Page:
The End – Writer’s Grief

You’ve written those two lovely words: the end. For some writers, the time is one of celebration—look at what I’ve accomplished! I finished my book! You know only ten percent of writers who begin a book finish it, right? It’s time for the Snoopy happy dance!

But … what if it’s not?

What if, instead of feeling like celebrating, you feel sad? If you do, there’s absolutely nothing wrong with you. I want to state that up front. Unequivocally. For those of you who don’t, let’s take some time to exercise that vaunted writer’s empathy, and see if we can’t relate to our fellow creators.

Whether you’ve written a short story or an epic series, you’ve spent days, weeks, or even years with these characters living in your head. You’ve gotten to know them, probably to love them. You’ve learned about their world, even if it’s one you created. You know so many intimate details about that world that will never be shared with a reader.

And now, it’s time to say goodbye to all of that. The end.

For some writers, those two words represent a death that must be grieved. For others, it can start a period of darkness not unlike depression. In either case, there may be a period of time during which the writer cannot create, either because they’ve yet to process their grief, or because they are legitimately depressed.

While much has been written about Kübler Ross and Kessler’s five stages of grief (denial, anger, bargaining, depression, and acceptance), it has also been suggested that grief isn’t as simple a process as the model would have us believe. Grief defies being corralled into stages with defined timeframes that flow one into another. In truth, the griever can move between any of the stages, in any order, staying in each for an undetermined period of time. They can even get “stuck,” swinging between two or three of the stages in a negative feedback spiral, never reaching acceptance.

The truth is, grief takes the time it takes. You have to let yourself experience it, to grok the fullness of it, if that’s your thing. The writing will still be there when you’ve worked through your grief. A new idea will streak through your mind like a comet, and you’ll know it’s time to get back to the page.

If you find yourself, after the period of protracted creativity that is writing, feeling listless, exhausted, unwilling to get out of bed, or not enjoying the things (like writing) that usually bring you joy, you may be depressed. Unlike grief, the depression may not be triggered by loss. It may simply be that you’ve spent too long working too hard on your project and not ensuring that you’re getting enough self-care in the mix.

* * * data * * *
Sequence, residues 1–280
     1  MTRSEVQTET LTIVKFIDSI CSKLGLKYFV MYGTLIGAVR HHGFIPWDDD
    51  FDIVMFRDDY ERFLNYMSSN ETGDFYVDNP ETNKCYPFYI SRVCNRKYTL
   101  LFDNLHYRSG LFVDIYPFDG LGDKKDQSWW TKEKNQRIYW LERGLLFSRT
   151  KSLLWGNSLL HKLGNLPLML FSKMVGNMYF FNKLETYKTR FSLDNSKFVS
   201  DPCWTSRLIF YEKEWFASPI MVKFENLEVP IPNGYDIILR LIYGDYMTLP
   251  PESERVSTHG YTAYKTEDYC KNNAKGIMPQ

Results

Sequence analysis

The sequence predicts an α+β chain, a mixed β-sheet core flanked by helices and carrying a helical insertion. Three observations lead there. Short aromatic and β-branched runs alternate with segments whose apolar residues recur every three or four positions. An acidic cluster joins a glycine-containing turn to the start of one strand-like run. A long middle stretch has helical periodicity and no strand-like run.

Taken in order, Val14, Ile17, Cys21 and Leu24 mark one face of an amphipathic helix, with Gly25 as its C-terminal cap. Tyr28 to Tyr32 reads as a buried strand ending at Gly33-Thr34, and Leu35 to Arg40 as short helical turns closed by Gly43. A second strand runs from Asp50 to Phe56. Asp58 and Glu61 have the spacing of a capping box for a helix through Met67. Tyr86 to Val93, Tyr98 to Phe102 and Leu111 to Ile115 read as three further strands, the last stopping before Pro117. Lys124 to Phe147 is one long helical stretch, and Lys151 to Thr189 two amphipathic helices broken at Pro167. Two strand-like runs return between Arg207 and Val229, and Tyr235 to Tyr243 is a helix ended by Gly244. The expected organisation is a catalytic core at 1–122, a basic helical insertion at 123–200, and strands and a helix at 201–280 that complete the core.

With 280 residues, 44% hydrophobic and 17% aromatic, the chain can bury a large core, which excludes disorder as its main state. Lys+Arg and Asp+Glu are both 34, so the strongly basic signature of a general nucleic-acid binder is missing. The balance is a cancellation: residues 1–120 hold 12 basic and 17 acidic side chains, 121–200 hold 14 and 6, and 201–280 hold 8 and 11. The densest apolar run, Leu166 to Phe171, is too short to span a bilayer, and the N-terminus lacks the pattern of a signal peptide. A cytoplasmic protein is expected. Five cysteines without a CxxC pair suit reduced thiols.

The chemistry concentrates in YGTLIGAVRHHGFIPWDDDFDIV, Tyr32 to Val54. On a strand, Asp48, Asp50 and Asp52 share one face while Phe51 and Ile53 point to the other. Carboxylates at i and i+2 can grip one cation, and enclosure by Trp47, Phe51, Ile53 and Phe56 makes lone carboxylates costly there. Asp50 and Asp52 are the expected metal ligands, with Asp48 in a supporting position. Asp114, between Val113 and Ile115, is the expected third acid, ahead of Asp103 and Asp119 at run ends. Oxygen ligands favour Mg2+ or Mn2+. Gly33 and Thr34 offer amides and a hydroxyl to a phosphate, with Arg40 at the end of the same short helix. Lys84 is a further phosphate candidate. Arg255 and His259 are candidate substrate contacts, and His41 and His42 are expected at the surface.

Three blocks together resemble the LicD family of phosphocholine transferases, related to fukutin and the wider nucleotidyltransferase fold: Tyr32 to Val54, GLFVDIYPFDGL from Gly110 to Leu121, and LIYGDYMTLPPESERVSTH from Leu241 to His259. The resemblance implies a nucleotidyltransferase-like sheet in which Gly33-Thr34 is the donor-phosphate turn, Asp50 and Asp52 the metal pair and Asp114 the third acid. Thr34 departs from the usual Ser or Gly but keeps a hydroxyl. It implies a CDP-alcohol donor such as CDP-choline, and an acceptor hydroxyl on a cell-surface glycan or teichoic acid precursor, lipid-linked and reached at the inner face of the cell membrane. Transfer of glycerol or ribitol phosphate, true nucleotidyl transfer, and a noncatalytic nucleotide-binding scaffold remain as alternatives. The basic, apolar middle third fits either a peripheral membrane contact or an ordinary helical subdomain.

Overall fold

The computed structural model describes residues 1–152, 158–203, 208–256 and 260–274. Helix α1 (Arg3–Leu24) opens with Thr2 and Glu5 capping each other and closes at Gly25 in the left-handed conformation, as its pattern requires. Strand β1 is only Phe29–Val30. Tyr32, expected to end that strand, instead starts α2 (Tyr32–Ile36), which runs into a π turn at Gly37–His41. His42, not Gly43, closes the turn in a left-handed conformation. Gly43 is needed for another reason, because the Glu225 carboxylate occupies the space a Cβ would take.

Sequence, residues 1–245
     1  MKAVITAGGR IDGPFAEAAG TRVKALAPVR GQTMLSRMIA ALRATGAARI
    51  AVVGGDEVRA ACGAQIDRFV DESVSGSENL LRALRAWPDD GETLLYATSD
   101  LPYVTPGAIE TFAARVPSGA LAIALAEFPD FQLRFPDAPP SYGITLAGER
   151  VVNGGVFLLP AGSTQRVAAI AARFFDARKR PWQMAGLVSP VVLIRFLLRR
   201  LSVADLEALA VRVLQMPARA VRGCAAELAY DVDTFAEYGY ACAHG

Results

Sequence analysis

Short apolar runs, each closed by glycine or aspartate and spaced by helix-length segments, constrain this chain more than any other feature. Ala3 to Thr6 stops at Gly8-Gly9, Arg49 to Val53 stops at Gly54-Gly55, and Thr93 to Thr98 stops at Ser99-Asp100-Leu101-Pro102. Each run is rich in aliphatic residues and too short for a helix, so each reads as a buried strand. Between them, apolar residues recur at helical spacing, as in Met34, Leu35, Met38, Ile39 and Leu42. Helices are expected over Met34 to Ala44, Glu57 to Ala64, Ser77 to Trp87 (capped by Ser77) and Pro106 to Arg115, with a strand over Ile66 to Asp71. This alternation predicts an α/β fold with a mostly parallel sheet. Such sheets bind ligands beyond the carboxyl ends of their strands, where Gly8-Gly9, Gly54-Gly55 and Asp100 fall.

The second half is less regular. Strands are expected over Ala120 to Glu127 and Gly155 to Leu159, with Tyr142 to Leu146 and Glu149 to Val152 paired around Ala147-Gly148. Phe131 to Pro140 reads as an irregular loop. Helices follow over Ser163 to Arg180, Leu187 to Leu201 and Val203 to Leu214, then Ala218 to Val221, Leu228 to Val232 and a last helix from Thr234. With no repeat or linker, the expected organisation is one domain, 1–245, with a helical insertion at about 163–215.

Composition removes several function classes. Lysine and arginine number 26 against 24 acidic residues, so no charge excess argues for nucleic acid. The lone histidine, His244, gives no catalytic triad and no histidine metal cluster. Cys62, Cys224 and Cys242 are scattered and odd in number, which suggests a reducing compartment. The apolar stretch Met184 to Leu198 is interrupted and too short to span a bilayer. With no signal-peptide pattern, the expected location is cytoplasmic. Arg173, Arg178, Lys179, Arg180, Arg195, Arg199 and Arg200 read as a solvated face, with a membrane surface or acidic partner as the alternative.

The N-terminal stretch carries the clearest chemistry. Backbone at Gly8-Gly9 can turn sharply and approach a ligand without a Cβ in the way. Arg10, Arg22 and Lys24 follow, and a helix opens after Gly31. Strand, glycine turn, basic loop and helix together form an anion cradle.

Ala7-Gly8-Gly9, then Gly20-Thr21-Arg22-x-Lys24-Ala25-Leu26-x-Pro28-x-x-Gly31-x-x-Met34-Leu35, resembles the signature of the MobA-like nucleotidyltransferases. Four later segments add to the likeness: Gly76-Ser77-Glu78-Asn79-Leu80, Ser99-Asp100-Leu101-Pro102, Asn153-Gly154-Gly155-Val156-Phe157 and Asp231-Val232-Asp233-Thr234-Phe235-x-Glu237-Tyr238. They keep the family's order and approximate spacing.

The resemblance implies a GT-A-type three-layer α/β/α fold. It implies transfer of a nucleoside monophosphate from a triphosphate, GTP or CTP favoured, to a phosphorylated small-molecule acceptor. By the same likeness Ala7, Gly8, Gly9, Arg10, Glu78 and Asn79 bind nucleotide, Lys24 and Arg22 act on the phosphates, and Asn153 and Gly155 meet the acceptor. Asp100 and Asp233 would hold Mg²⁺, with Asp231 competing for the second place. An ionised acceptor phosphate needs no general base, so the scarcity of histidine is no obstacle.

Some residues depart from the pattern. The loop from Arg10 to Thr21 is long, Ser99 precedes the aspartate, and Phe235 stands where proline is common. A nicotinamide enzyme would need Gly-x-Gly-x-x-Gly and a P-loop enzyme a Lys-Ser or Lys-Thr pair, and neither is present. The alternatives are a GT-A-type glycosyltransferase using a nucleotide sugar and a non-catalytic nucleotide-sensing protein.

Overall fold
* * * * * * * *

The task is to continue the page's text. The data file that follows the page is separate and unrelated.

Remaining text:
This post-creation depression can also be recognized as burnout. Again, the key is to be gentle with yourself. Guilt is not going to help the situation. It can take some time to regain your usual mood and temperament.

I also need to caution you at this point that if you think you may be on the side of true depression rather than depression-as-part-of-the-grief-cycle, that you should be attentive. Talk to your loved ones. How are they being affected by this change? Do they think it might be something more serious?

Mental health is a serious matter. If you think the symptoms have gone on too long or they’re beginning to have a negative impact on other aspects of your life, please see your doctor. There is no shame in it. Therapy, medication, or both could be what you need to right your craft again.

I’m not a doctor or a psychiatrist, but as a writer who lives with depression and anxiety, I can only recommend that you seek professional assistance if you suspect your depression may be of the clinical variety. It’s better to know than to let it go, untreated.

Writing “the end” doesn’t have to mean the end of your creative life. It may just mean that you have to take some time to honor the work you’ve produced, the time and effort you invested in its production, and lay it to rest so that you can make room in your heart and mind for the next, wonderful story you’re going to write. And you are going to write again. I have faith in you.

And … if the work you grieve was a single story or novel, you may find, in your time of gentle reflection, that the story is not yet complete, “the end” be damned. Maybe it’s time to write a series!

Melanie Marttila is a certified corporate trainer by day and science fiction and fantasy writer by night. She writes the DIY MFA column Speculations, which is about all things SFnal. Her short fiction has appeared in Bastion Science Fiction Magazine, On Spec Magazine, and Sudbury Ink.

You can find Melanie online at her blog, Writerly Goodness, on Facebook or Twitter.

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